FAIRBURY – The annual ‘Rock Creek Trail Days’ is being held at the Rock Creek Station State Historical Park this weekend near Fairbury.
The event is going on June 1 and 2 from 10 a.m. – 4 p.m., and both days have a packed schedule.
A number of historical interpretations will be taking place , from Pony Express runs, rope and rug making, hawk (ax) throwing, blacksmithing and plenty more.
There’ll also be a buffalo stew cookout on Saturday evening at 7 p.m., with tickets costing $9 for adults and $6 for children ages 13 and under.
Rock Creek Station Park superintendent Jeffery Barger says the entire weekend gives families a great chance to be outdoors and enjoy what the park has to offer.
“We get them out to see Nebraska in a big picture,” Barger said. “We can vary for whatever interest they want. We have six miles of hiking trails. If they’re into the fauna and all of that, we have lots and lots of natural prairie grasses and forbs and flowers.”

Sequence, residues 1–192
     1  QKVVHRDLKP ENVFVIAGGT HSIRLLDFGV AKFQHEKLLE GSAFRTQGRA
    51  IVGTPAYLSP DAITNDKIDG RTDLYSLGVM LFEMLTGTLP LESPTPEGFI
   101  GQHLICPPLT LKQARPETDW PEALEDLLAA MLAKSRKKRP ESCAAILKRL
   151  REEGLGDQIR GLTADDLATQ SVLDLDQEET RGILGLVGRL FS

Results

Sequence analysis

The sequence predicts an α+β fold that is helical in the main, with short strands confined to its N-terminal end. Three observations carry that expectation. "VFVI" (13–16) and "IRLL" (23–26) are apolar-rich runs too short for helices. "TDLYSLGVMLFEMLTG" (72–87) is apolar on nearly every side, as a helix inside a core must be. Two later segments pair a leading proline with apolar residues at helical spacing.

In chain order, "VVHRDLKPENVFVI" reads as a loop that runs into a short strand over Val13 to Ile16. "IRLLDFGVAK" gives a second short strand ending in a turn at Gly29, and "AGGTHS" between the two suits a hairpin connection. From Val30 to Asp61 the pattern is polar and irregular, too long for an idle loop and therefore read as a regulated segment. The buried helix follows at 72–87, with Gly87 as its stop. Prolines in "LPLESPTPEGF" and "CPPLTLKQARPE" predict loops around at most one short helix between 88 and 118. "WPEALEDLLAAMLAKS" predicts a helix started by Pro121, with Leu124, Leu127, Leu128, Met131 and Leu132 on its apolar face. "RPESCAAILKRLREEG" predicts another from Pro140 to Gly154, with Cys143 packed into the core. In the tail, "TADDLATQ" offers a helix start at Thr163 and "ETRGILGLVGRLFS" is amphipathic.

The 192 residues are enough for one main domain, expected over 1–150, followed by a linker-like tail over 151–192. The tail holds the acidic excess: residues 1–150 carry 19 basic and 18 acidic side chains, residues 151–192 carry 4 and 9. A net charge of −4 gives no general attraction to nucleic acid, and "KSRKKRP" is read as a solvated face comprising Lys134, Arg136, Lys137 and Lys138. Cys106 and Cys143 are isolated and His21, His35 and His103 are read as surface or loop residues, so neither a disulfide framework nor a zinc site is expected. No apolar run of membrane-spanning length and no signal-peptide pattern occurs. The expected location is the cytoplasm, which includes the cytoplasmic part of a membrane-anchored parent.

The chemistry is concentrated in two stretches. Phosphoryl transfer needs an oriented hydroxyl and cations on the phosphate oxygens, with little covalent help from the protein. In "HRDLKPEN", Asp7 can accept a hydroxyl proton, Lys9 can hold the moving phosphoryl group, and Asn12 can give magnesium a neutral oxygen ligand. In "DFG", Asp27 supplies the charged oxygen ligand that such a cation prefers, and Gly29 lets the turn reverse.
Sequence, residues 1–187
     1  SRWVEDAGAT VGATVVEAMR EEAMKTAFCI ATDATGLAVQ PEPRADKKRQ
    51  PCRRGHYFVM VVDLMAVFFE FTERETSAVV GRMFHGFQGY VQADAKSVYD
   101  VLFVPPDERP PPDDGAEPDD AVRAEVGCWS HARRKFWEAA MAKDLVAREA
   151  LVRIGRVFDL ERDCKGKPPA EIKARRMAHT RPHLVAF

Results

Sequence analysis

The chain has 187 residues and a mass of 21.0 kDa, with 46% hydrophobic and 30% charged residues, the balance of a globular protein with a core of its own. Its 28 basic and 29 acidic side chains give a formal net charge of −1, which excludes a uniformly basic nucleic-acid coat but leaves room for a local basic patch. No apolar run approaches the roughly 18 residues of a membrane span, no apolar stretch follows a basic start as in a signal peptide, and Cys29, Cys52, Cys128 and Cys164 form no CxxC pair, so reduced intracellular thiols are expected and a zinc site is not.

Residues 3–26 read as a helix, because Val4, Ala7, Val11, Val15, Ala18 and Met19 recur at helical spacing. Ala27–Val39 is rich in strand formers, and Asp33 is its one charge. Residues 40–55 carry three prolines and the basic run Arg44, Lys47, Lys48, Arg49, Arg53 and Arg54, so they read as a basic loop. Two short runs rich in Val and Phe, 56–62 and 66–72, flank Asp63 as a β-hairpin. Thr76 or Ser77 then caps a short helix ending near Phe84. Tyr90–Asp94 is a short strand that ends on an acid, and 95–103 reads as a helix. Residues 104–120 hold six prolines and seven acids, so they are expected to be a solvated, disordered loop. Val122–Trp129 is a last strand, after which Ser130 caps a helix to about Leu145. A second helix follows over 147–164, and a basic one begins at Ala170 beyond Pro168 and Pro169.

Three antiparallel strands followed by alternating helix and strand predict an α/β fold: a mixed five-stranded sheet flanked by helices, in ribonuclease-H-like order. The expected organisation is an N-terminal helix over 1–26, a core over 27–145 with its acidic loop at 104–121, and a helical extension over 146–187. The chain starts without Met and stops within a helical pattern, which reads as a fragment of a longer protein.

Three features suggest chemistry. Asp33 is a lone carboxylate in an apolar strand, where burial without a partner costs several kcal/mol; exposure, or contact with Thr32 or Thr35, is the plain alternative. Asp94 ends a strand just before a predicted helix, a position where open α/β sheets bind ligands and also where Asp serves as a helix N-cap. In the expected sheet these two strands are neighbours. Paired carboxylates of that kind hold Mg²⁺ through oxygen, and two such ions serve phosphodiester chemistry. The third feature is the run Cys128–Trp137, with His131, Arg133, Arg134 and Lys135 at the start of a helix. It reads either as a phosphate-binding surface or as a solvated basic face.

Rock Creek Station was a stage and Pony Express station established in 1857 that became notorious one fateful day in 1861. One July afternoon, James Butler Hickok killed David McCanles there, and began his bloody career as a gunfighter.
Development of Rock Creek Station as a state historical park began in 1980. Archaeologists investigated and excavated sites of two ranches dating back to the 1858-1860 time period. They determined building sites and recovered period artifacts. Some buildings have since been reconstructed.
Today, Rock Creek is a state historical park encompassing 350 acres of prairie hilltops, timber-studded creek bottoms, and rugged ravines.
Deep ruts, carved by the many wagons that traveled the Oregon and California Trails, remain visible at the park. The history and scenery draw visitors in from all across the state.
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